En EspaŅol

Q. Who is Mr. Smarty Plants?

A: There are those who suspect Wildflower Center volunteers are the culpable and capable culprits. Yet, others think staff members play some, albeit small, role. You can torture us with your plant questions, but we will never reveal the Green Guru's secret identity.

Help us grow by giving to the Plant Database Fund or by becoming a member

Did you know you can access the Native Plant Information Network with your web-enabled smartphone?

Share

Ask Mr. Smarty Plants

Ask Mr. Smarty Plants is a free service provided by the staff and volunteers at the Lady Bird Johnson Wildflower Center.

Search Smarty Plants
    
 
See a list of all Smarty Plants questions
Can't find the answer in our existing FAQs, submit a question to Mr. Smarty Plants.
Need help with plant identification, visit the plant identification page.
 
rate this answer
Not Yet Rated

Wednesday - April 02, 2008

From: Beeville, TX
Region: Southwest
Topic: Non-Natives
Title: Non-native, invasive King Ranch bluestem and Coastal bermuda for horses
Answered by: Barbara Medford

QUESTION:

Is blue stem grass mixed with coastal good for horses?

ANSWER:

We hope we intepreted your question correctly; that you were, indeed, referring to King Ranch bluestem grass and Coastal Bermuda grass as being good for horses. For starts, we're into horticulture, not agriculture, and really don't know much about feed for animals, except maybe how to keep deer out of the garden. This AgriLIFE Extension-Texas A&M website gives you contact information for your Extension agent, and you can get better information from that source.

However, we do want to deal with the two grasses you have mentioned. Both Bothriochloa ischaemum (King Ranch bluestem) and Cynodon dactylon (Coastal Bermuda) are non-native and have become invasive in many cases. KR bluestem originated in Mediteranean Europe and South Africa, while Bermuda grass is native to North Africa, Asia and Australia. If you already have these grasses available to you, then you should depend on the Extension agent's information for their use as horse forage.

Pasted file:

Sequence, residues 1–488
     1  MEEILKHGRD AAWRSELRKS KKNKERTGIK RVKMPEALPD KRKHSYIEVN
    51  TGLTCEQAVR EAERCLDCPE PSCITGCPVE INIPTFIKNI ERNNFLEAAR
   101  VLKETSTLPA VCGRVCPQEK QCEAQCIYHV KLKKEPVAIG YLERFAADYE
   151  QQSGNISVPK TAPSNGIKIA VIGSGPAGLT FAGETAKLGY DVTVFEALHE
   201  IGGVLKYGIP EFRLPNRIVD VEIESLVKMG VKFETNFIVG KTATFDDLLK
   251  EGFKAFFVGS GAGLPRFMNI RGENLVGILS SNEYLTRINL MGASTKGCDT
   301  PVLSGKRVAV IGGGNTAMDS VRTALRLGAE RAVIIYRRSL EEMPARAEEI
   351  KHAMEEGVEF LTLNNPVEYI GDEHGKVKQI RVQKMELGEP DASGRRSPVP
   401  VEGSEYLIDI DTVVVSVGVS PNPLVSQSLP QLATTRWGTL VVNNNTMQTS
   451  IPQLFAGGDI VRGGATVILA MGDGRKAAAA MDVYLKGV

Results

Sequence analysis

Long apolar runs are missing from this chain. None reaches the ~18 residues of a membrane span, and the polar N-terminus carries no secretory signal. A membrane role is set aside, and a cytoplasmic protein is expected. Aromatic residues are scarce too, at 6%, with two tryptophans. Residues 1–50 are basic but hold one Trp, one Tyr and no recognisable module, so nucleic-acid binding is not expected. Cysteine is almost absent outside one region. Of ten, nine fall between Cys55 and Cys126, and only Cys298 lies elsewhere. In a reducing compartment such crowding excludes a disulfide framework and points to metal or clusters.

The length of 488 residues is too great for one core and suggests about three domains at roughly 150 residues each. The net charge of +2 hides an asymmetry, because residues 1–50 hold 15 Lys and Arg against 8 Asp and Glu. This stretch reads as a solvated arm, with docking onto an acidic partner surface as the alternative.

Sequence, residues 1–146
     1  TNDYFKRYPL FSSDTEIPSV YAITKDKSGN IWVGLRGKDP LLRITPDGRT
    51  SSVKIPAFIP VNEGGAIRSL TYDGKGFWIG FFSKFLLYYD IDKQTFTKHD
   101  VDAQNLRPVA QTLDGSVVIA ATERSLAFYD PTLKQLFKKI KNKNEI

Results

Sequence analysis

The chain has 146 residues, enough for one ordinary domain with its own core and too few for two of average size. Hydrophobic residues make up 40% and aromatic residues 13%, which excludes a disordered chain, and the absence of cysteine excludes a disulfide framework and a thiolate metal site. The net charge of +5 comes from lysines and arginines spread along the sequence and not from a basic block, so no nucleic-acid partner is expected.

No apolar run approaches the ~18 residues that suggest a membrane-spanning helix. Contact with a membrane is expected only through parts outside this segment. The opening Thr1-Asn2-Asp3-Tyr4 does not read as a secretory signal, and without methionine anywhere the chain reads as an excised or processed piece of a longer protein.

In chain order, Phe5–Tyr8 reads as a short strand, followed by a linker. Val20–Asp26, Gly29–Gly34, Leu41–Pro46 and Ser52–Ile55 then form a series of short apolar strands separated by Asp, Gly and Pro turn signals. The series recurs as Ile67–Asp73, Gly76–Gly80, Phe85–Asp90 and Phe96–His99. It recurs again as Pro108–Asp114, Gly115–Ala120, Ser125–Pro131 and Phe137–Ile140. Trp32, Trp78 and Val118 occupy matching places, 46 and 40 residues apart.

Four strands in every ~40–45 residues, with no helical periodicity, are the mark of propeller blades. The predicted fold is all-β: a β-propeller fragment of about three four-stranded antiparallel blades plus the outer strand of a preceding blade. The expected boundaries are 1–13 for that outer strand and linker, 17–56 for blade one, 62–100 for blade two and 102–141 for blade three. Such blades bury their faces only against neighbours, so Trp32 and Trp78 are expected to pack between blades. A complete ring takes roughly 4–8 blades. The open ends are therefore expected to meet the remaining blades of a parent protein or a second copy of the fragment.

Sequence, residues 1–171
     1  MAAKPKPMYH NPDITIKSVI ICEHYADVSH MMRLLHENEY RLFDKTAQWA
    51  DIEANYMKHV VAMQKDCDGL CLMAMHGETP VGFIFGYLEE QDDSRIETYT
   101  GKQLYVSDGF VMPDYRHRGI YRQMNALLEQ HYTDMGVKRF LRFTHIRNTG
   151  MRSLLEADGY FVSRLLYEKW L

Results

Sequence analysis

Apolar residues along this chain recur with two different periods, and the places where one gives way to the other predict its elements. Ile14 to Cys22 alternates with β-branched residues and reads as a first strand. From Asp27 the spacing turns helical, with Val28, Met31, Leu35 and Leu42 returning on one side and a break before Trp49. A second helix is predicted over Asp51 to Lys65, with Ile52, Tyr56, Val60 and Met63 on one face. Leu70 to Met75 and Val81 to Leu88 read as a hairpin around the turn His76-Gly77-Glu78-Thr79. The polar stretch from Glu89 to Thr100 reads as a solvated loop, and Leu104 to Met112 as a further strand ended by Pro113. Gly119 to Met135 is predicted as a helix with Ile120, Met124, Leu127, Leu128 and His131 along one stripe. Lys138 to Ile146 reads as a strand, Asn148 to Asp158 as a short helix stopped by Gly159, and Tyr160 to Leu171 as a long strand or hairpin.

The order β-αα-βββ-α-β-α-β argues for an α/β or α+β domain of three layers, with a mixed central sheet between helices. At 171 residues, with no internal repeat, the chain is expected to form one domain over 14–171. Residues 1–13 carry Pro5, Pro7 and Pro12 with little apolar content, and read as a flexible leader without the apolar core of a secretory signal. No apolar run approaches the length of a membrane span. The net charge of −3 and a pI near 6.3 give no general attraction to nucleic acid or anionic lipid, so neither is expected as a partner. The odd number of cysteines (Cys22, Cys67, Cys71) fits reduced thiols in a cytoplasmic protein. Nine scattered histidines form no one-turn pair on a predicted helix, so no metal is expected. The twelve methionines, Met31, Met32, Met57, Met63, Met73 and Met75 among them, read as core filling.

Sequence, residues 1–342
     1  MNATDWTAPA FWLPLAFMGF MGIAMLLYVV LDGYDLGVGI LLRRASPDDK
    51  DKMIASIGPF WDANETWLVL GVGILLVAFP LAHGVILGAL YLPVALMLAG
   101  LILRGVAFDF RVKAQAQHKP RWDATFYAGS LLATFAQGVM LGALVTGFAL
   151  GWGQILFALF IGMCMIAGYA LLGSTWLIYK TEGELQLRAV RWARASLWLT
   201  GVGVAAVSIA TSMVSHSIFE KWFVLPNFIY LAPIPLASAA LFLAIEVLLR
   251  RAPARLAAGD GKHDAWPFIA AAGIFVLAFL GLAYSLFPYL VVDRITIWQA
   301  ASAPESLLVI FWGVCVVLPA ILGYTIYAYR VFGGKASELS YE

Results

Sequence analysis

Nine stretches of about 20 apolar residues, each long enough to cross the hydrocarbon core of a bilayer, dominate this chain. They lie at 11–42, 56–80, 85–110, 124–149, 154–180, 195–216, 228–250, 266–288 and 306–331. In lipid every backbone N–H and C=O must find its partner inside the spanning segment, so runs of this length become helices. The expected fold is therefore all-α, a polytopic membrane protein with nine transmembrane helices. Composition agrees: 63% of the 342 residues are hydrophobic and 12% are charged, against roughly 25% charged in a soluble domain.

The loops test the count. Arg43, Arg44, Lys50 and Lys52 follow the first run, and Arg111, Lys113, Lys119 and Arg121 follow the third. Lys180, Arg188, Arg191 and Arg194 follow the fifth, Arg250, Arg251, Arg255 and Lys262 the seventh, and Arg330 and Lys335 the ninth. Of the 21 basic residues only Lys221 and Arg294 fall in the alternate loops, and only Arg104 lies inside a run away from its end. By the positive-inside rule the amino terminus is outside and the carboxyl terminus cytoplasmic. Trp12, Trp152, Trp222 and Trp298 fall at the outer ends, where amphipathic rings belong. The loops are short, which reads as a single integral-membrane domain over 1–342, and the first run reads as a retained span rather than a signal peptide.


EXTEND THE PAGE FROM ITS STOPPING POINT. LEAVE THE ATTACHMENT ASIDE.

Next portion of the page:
If you're planning to plant grasses for horses, you might consider native grasses. Native grasses are good for horse forage and are usually managed without fertilization. Andropogon gerardii (big bluestem), Schizachyrium scoparium (little bluestem), and Andropogon glomeratus (bushy bluestem) are all native grasses that should do well in your area. You might be interested in reading this website Are you feeding your horse like a cow?

 

From the Image Gallery


Big bluestem
Andropogon gerardii

Little bluestem
Schizachyrium scoparium

Bushy bluestem
Andropogon glomeratus

More Non-Natives Questions

Question about non-native tree hardiness
March 06, 2009 - Hi there, im wondering if you can help me. Which of these plants can grow on poorly drained soils. Tamarix Tetandra, weigela 'moulin rogue', ulex europaeus or salix alba?
view the full question and answer

Disposal of non-native chinaberry and ligustrum and their seeds
October 06, 2004 - I've got some chinaberry and ligustrum in a section of our lot that I am going to remove to make room for native plants. Both have berries, & I was wondering if running them through a chipper will ha...
view the full question and answer

Seeds for invasive, non-native Erodium cicutarium
February 05, 2008 - I rec'd the following e-mail from a friend in he Chicago area. I looked for about an hour and couldn't find a place to get weed seeds. She thinks we are in the desert here and apparently are so rura...
view the full question and answer

Care for non-native indoor plants
October 20, 2007 - My cousin in Pa. asked me to see how to care for 2 plants in the winter. The first is a Voo Doo Lily and the second is a Bengal Tiger plant. If you would please help I would be able to pass it along...
view the full question and answer

What's invading my bermuda grass?
June 11, 2013 - Our grass is being totally overrun by this weed.(I don't know what the name is identify it by the description. It is in Bermuda grass and the only way to describe the weed is to say it looks like big...
view the full question and answer

Smarty Plants's Facebook profile Support the Wildflower Center by Donating Online or Becoming a Member today.

Mr. Smarty Plants wants you to be his Facebook friend. Click the Facebook icon to add yourself to Mr. Smarty Plants list of friends.
E-NEWSLETTER | BECOME A MEMBER | DONATE NOW | MEDIA | SITEMAP | STAFF
© 2015 Lady Bird Johnson Wildflower Center